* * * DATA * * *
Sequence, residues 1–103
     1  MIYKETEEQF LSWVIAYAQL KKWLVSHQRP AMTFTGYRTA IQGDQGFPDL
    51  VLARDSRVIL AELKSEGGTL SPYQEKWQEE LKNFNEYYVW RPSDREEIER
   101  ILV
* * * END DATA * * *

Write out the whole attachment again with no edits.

Sequence, residues 1–103
     1  MIYKETEEQF LSWVIAYAQL KKWLVSHQRP AMTFTGYRTA IQGDQGFPDL
    51  VLARDSRVIL AELKSEGGTL SPYQEKWQEE LKNFNEYYVW RPSDREEIER
   101  ILV